Craig's Movie Reviews

I love movies. I love writing about them. Hope you like reading what I write.

Manchester by the Sea

This and La La Land are big awards contenders this year. Is this one any good?

Manchester by the Sea tells the story of a janitor who has recently lost his older brother and is trying to connect to his nephew for whom he may have to become a legal guardian.


This opening conversation on this boat is actually one of my favourite moments in the film. Too bad it’s revisited a bit too often.

Casey Affleck is the janitor and he’s at the heights of his powers as an actor here. His character must go through so much pain that’s not his fault, but he can’t help blaming himself for.

Lucas Hedges is the nephew. In his first film role, we are witnessing the birth of a heavyweight performer, he’s simply awesome.

Their performances are complemented by a phenomenal script. Conversations are slow, faltered, real. The people these two characters interact with don’t quite know what to do or say to them while they suffer through this experience. This is a script that seems to understand grief.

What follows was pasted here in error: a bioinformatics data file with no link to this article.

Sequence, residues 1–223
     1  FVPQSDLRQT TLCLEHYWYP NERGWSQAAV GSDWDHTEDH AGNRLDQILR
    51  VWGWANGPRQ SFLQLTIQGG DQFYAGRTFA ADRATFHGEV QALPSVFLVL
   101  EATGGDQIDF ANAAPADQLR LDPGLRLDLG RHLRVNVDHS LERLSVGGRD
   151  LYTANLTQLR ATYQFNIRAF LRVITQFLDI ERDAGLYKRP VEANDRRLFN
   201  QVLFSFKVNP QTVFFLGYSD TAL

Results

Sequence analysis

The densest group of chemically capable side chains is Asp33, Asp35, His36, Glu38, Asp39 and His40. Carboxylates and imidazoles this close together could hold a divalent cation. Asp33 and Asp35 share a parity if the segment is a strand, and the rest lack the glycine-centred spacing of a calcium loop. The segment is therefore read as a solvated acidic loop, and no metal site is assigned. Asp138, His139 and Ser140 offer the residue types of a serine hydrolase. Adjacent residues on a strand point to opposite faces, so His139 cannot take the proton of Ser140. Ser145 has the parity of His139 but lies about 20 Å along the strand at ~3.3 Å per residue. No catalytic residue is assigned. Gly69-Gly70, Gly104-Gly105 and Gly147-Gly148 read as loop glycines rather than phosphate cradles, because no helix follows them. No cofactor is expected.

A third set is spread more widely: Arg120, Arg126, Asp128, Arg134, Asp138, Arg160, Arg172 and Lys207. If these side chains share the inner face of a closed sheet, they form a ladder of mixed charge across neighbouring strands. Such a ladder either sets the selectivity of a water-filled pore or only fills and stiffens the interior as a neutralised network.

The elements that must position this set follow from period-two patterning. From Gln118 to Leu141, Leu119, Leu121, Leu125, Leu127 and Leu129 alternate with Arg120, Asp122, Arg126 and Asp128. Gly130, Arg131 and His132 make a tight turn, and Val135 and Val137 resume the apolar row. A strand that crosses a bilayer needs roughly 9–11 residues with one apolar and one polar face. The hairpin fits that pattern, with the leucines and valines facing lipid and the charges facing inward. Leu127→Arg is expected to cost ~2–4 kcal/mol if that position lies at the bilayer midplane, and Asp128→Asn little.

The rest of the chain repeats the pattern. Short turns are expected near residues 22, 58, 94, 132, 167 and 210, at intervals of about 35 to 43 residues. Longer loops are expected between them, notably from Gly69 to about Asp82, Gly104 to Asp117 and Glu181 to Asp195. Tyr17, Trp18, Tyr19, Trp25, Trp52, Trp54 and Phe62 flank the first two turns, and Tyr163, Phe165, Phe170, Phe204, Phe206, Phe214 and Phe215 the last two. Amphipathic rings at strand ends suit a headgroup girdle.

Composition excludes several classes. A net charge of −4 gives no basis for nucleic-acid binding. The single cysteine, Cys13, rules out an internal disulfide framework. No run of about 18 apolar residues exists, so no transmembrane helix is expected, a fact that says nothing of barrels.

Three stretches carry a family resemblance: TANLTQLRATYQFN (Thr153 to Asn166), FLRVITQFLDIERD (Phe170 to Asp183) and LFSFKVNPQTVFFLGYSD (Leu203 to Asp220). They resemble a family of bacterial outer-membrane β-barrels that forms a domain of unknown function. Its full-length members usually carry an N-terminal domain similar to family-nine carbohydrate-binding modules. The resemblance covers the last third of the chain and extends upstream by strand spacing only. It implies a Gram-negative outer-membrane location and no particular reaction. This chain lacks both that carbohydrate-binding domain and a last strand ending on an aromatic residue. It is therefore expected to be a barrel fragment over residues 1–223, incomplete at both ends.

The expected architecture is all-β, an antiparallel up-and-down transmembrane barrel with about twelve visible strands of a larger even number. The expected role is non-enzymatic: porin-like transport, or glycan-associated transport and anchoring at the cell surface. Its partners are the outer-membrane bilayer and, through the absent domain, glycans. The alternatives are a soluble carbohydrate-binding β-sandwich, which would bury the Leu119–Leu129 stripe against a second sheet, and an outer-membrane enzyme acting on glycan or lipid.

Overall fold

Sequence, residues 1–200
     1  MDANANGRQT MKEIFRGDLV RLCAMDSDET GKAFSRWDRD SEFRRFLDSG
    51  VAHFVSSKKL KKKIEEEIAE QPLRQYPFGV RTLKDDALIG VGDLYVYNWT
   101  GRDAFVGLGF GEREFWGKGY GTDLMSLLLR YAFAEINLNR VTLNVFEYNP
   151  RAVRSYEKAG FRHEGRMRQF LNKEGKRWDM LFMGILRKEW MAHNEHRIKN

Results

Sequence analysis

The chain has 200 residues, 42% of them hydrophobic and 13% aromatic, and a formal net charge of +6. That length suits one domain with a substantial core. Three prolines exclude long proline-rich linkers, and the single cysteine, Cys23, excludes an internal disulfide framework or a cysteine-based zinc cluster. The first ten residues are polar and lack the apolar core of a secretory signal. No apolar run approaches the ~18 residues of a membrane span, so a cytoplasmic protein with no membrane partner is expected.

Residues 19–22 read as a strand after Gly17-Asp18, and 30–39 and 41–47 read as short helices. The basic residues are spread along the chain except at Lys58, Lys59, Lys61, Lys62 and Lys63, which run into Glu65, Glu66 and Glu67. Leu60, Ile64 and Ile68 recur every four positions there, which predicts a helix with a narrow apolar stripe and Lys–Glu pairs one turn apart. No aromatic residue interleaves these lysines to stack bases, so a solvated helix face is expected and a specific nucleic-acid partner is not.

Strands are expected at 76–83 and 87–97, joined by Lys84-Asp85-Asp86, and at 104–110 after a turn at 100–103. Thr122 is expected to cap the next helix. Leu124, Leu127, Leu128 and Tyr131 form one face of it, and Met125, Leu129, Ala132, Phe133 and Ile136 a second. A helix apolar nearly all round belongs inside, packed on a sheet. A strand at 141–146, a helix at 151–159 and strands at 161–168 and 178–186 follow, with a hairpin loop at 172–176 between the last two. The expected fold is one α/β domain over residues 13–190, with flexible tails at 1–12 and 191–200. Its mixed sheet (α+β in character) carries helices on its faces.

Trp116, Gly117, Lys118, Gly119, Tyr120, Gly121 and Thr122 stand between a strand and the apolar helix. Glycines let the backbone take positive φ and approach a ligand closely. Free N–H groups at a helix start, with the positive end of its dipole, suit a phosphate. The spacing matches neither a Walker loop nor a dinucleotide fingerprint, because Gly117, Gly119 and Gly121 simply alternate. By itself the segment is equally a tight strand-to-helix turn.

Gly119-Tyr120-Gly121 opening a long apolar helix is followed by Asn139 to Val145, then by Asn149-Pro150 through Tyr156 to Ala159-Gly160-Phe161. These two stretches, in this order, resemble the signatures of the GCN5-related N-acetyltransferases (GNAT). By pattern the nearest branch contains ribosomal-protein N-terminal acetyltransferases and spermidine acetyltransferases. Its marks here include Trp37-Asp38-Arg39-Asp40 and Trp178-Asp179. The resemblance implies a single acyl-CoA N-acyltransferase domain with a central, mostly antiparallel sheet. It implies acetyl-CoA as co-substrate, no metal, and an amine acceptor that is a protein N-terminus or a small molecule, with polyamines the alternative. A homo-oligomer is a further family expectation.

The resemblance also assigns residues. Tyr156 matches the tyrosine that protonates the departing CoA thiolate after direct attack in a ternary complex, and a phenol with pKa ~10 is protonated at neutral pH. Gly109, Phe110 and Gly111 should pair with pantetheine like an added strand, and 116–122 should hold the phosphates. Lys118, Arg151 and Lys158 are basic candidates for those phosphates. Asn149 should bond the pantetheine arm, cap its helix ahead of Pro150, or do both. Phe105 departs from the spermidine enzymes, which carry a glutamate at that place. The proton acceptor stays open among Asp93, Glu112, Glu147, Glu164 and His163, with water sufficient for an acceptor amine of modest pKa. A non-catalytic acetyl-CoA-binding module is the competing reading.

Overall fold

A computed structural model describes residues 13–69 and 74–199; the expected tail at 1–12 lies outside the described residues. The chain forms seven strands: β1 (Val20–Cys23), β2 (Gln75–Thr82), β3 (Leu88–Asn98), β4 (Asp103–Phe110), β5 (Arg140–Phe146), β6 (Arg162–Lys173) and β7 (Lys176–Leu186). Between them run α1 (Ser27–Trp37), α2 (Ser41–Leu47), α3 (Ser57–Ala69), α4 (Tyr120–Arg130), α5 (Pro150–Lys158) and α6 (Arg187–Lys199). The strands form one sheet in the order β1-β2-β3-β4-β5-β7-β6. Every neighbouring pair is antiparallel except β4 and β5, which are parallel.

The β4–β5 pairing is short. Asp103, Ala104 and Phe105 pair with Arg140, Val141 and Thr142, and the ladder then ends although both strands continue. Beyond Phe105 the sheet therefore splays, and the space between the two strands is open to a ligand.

Unfortunately, this also contributes to the worst offence of this film. 2 hours and 20 minutes is entirely too long for an indie drama on grief. There are sequences that seem to drag in a good way to show the awkwardness of their situation, them there are scenes which drag for no reasons, moments playing out practically in slow motion.

The resolution is also a little off. While I understand the need for no concrete answers to this grief (that part is done great), the logic behind some decisions at the end of the film doesn’t always fit.

The music is also a bit jarring. We appear to have a score of classical music which would be fine if not for the lack of consideration of tone for the tracks in relation to where they come.

Casey Affleck will most likely get an Oscar here, but if you’re really wanting a film that discusses grief that does a better job, go re-watch A Monster Calls.

Recommended Scenario: If you want a talky indie that needs a bit of an edit to be perfect.

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This entry was posted on January 23, 2017 by in Film Review, Released in 2017.
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